Tuesday, January 17, 2012

Window on Eurasia: Mari Association in Russian Capital Marks Tenth Anniversary

Paul Goble

            Staunton, January 17 – The Association of Maris in Moscow, a group created to preserve ethnic identity among that Finno-Ugric community, promote ties between the Mari diaspora and the Republic of Mari El, and promote media and scholarly attention to their ethno-national community, has just marked its 10th anniversary.

            The Mariuver portal this week provides a chronology of 45 events that the association has either sponsored or taken part of, providing an unusual group into one of the many ethnic and regional “zemlyachestvas” in the Russian capital  who are often ignored as an activity and a source (mariuver.wordpress.com/2012/01/15/zemljach-10/).

            As the chronology notes, the Mari Association was established by 55 people living in Moscow and Moscow oblast who were either former residents of Mari El or members of the Mari and other Finno-Ugric peoples at a meeting in the Hungarian Cultural Center in the Russian capital.

            The Maris took the lead, the chronology suggests, in organizing links with ethno-cultural groups of Mordvins, Udmurts, Karelians, Komis, and Ingermanlanders as well as with activists, officials and scholars in the three Finno-Ugric countries, Estonia, Finland, and Hungary as well as with the Russian media and scholarly community.

            One Russian scholar who has focused on groups like the Mari, Yu. Yerofeyev, wrote a book which former Russian nationalities minister V.A. Mikhailov said provides important insights on Russian federalism and ethnic relations by focusing on “the development of national-cultural autonomies and zemlyachestvas.”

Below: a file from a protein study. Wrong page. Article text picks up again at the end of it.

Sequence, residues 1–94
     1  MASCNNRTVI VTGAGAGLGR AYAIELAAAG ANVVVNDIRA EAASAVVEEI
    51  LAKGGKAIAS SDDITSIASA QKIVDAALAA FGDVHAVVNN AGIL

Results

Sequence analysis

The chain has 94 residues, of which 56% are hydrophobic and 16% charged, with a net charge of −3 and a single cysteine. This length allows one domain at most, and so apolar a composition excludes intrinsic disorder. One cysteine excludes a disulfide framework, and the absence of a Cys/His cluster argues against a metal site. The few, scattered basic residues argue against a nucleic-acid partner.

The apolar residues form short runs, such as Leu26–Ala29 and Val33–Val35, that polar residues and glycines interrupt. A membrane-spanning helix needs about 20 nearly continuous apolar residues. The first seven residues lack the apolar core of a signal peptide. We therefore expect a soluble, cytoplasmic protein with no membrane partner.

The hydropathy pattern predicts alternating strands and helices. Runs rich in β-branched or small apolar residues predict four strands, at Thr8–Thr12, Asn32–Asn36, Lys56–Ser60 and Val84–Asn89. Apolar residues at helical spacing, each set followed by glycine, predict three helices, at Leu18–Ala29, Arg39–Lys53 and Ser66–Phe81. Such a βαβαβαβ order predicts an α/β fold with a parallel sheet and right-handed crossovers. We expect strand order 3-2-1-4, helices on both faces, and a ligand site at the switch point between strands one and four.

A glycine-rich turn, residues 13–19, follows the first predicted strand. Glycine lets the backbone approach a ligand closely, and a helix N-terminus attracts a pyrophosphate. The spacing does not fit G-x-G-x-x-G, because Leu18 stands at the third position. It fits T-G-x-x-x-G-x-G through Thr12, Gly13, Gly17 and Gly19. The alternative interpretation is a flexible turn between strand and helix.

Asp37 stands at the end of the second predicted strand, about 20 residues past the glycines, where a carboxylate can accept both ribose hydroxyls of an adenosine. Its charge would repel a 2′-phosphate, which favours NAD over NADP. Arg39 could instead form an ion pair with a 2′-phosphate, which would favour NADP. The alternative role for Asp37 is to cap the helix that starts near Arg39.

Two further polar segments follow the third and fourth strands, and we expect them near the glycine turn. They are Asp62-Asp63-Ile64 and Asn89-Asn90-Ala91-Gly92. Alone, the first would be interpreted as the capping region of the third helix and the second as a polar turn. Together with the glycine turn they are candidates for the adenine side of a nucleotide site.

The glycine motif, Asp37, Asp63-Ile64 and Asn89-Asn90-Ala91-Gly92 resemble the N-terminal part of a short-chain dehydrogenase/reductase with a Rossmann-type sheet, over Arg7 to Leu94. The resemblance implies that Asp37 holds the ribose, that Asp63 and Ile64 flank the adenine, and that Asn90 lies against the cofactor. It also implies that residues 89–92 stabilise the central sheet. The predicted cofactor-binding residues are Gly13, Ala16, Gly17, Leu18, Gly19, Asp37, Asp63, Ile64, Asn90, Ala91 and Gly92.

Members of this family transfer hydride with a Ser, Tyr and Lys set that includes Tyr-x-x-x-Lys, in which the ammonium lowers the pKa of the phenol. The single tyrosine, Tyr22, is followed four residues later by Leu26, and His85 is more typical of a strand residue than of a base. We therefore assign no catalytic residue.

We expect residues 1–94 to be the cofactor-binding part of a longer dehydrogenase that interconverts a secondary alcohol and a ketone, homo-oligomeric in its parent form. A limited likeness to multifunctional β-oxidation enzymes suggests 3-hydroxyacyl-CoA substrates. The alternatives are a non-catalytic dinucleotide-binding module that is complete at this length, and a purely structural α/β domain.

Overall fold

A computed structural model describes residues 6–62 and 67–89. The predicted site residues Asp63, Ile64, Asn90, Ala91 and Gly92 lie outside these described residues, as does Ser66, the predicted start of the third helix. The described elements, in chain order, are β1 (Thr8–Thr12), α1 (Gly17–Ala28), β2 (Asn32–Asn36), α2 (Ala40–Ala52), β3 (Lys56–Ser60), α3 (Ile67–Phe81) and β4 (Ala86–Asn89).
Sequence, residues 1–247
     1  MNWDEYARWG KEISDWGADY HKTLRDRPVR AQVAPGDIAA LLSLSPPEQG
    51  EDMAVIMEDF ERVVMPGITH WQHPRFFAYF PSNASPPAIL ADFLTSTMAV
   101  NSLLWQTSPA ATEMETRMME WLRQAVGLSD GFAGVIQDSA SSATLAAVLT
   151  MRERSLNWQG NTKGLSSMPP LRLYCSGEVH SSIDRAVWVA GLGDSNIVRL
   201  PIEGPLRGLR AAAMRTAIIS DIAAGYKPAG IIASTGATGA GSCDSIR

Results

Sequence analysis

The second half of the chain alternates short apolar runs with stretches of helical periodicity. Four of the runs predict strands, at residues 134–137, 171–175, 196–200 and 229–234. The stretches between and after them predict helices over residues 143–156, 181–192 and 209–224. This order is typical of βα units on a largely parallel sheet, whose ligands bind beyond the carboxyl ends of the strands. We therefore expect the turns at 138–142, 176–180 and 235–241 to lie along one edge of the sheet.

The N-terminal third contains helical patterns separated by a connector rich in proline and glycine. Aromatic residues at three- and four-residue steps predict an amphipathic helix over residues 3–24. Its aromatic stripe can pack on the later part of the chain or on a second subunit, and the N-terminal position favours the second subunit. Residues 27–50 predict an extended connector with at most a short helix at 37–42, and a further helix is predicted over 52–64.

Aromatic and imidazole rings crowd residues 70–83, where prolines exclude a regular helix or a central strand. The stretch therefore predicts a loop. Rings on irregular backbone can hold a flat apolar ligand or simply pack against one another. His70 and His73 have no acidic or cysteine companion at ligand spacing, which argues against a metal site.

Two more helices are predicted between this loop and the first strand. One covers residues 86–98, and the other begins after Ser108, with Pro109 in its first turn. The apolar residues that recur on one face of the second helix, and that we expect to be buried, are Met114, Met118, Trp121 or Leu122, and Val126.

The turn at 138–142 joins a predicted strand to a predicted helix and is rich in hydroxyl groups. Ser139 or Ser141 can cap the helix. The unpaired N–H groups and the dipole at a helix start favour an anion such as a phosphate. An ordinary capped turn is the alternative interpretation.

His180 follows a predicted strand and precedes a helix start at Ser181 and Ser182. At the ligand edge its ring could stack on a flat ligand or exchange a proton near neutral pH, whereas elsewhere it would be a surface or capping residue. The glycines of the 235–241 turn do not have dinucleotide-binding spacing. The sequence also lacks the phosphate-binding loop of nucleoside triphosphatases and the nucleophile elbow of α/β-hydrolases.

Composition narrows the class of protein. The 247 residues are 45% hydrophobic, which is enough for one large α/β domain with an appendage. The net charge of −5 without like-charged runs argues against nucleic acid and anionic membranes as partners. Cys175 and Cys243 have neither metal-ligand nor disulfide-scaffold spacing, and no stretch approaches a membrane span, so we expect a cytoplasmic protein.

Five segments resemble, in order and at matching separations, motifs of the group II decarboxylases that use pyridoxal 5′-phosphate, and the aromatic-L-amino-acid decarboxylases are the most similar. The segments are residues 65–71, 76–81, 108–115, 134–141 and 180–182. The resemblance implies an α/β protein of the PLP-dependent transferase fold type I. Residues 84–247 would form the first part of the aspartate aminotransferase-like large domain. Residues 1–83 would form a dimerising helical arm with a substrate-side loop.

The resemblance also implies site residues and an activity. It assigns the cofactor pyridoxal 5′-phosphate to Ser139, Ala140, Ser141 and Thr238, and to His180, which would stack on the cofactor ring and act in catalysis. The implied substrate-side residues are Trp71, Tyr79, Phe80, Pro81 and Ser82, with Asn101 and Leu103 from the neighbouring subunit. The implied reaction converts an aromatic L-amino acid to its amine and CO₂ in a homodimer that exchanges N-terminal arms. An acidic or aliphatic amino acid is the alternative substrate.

Unfotunately, in the era of Vladimir Putin, the group has been less successful in working with Russian officials.  The presidential plenipotentiary for the Middle Volga promised to carry the Mari Association’s critical ideas back to Mari El but “in practice,” he did nothing to the enormous disappointment of Moscow’s Maris.

            But if the Mari Association has not had great influence with officials, it has played an increasingly important role, the chronology suggests, in preparing and placing articles in the Russian media, print and electronic, and in providing information about the Finno-Ugric nationalities more generally.

            “For the years of its existence” and despite all the difficulties related to funding and housing, “the zemlyachestvo [of the Maris] has become quite widely known in Moscow, the Republic of Mari El, Bashkortostan and in other Russian regions,” its officers say, adding that “they know us in Estonia, Hungary and Finland.”  

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